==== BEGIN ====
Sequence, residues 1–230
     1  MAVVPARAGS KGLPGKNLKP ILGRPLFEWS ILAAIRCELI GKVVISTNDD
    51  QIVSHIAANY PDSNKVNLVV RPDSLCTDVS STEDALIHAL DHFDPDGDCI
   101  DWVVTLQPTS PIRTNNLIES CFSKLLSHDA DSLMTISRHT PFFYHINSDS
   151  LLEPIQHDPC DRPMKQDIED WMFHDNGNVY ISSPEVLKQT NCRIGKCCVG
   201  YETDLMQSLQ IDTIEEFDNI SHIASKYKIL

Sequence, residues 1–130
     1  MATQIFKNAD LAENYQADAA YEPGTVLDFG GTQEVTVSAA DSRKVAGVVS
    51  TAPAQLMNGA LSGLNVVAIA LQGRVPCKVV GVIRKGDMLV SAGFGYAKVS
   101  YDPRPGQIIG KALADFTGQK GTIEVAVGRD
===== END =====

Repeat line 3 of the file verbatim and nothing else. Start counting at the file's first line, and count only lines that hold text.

    51  QIVSHIAANY PDSNKVNLVV RPDSLCTDVS STEDALIHAL DHFDPDGDCI